In an era where sports and controversy intertwine more than ever, is there any hope that one crisis can alleviate what ails its enduring fans?
One of the biggest controversies in all of sports is without question the Bowl Championship Series, putting the fates of 10 teams in the hands of voters and computers.
Ever since the creation of the system, controversy has followed in its wake.
Who will forget 2001, where Nebraska passed up Colorado despite falling to the Buffaloes 61-36?
Not to mention the fact that CU won the Big 12 title that year.
End result—Miami destroys Nebraska in the Orange Bowl to win the National Title and CU got destroyed by Oregon in the Fiesta Bowl.
Though in hindsight, that 2001 Miami team was among the greatest ever.
How about 2003 where USC finished No. 1 in both human polls but was denied a title shot?
How did Trojan fans feel having to share a championship with LSU?
Or 2004 when three teams finished undefeated?
Auburn was left to watch USC destroy Oklahoma 55-19, and wonder why they didn't get their shot.
Most recently, the BCS computers chose Oklahoma to play in the conference title game and inevitably get the top poll spot despite to losing to No. 3 Texas in the Red River Shootout.
And Utah's victory over Alabama in the Sugar Bowl raised even more questions about the legitimacy of the system.
Now, even Congress has stepped in, as representatives, from Utah and Texas mostly, tried to force college football to create a playoff system.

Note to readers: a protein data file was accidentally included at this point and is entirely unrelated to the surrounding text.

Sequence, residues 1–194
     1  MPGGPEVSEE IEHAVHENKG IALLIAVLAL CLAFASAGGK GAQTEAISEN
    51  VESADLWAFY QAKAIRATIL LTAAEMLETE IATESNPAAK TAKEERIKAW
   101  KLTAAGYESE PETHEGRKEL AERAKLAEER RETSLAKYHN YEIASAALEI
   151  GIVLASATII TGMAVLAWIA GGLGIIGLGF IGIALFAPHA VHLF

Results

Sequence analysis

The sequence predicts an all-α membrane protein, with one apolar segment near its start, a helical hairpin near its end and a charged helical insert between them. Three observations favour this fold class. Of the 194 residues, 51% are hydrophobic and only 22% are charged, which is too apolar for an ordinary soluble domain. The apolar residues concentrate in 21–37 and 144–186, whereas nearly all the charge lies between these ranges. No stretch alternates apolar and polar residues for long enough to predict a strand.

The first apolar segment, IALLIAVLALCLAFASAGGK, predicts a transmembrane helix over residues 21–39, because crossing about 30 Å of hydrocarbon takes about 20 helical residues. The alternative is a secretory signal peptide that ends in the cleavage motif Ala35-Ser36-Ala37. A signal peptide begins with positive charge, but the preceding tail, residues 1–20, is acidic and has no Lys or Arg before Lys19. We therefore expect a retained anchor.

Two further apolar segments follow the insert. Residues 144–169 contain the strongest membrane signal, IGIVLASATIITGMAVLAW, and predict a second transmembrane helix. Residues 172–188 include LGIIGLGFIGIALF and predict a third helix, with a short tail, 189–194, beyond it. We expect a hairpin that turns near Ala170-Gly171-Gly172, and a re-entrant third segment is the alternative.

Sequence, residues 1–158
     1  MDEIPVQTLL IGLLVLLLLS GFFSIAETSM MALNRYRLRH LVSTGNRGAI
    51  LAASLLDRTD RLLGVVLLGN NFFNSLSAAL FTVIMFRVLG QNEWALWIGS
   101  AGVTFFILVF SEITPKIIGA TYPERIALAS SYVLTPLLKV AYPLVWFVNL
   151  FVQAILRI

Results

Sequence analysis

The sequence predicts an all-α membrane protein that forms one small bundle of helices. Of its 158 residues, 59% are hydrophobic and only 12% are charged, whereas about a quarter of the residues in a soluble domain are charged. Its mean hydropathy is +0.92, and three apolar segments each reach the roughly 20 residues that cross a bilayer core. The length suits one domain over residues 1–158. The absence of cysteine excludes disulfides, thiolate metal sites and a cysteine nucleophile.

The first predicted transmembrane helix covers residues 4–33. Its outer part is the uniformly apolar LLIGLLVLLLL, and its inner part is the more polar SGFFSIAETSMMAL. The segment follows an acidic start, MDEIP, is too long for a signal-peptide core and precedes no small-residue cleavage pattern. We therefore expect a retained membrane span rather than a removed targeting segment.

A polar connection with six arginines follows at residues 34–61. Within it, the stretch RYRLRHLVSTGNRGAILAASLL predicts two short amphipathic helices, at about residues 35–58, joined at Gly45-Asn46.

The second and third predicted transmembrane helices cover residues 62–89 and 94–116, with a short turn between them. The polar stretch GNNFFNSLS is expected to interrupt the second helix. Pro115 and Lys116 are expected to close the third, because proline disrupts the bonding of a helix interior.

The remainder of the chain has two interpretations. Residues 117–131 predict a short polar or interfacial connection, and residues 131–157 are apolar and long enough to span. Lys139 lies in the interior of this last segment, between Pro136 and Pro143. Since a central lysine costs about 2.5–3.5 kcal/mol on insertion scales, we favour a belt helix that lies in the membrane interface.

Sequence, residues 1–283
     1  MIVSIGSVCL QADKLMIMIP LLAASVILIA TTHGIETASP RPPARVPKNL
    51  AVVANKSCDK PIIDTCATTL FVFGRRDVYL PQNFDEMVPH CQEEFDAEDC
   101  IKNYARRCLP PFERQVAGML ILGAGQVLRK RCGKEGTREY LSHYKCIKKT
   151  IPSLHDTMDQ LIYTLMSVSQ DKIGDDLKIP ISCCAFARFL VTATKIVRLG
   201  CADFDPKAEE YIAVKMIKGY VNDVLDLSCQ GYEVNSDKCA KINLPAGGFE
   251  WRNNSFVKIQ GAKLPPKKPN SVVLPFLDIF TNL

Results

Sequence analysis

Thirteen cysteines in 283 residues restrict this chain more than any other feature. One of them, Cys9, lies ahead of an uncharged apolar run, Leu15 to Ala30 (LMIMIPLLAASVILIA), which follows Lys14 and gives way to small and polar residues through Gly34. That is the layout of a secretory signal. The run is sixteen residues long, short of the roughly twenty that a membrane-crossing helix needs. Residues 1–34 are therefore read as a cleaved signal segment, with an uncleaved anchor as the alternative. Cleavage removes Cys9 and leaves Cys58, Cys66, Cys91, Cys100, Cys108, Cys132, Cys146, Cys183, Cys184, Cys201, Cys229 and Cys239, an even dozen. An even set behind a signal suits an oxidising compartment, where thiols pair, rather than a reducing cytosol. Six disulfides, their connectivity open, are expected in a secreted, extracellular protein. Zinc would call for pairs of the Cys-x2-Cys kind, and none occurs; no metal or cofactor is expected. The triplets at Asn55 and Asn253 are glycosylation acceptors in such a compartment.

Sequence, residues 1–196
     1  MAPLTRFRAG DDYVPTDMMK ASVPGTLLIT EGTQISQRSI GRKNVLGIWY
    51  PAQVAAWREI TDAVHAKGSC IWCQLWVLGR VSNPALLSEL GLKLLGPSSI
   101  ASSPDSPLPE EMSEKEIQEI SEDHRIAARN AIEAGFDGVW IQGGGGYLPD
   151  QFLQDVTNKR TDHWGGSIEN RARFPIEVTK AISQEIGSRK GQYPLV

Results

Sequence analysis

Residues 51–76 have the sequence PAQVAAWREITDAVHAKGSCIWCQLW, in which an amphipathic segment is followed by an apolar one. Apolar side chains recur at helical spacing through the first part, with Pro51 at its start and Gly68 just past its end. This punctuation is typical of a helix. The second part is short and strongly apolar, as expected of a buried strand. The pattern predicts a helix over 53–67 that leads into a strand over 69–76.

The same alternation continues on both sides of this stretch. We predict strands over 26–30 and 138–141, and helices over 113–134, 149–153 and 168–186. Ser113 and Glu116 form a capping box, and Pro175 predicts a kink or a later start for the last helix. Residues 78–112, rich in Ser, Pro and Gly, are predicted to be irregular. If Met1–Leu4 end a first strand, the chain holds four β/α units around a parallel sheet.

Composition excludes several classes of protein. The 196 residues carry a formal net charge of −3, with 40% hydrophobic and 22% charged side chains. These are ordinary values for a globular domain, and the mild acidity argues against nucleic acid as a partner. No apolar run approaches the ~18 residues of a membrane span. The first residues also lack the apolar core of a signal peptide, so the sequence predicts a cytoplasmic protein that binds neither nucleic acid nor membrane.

Unfortunately, there is no such thing as a perfect system, and there never will be one.
It doesn't matter what system gets implemented because of multiple potential flaws.
Probably the most common change to the system is putting two games between the top four teams to determine who plays in the championship game.
The other notion is to create a situation similar to the FCS tournament, where the top 16 or so play to determine the champion.
Two major problems with this idea:
1. Student Athletes
While the players on the field may be some of the best athletes in the country, don't forget that student comes before athlete.
December is typically the time where students take finals and other tests before the winter break.
Not to mention that teams may be playing upwards of 16-17 games in this system.
2. Bowls Generate Money
In a system, which there are 36 bowl games, the college postseason is a multi-billion dollar industry.
Get rid of the bowls, and most of the money would go away.
In addition, where do they host these new games?
Most neutral sites would be occupied by the NFL, especially with small turn around for games.
Hosting games at college stadiums involves multiple issues, such as selling 100,000 tickets on a short notice, plus operating costs and TV rights being very expensive.
Another, more important, problem with the new playoff system is someone will always be left out.
There would be no guaranteed method for ensuring the best teams compete in the playoff without questions and rage being thrown out.
So what is the best system?
Depends on who you ask, really.
The teams that benefit most from the scenario takes the glory, even if they don't win in the end.
But truly, do we want the system we had before, when the voters determined the champion?
This observer says no, and that despite the system it has produced great games such as the 2003 Fiesta Bowl and 2006 Rose Bowl for the championship.
In addition, it has created other great contests such as the epic 2007 Fiesta Bowl, the 2006 Sugar Bowl between West Virginia and Georgia, and 2009's Fiesta Bowl featuring Colt McCoy's miraculous final drive.
But really, the college football season is the playoffs, and having a final playoff eliminates the need for teams to win every game they can during the year.
This is part of the lore and mystique of the game, and what makes those special games even more special.
Every game means something, and it always should.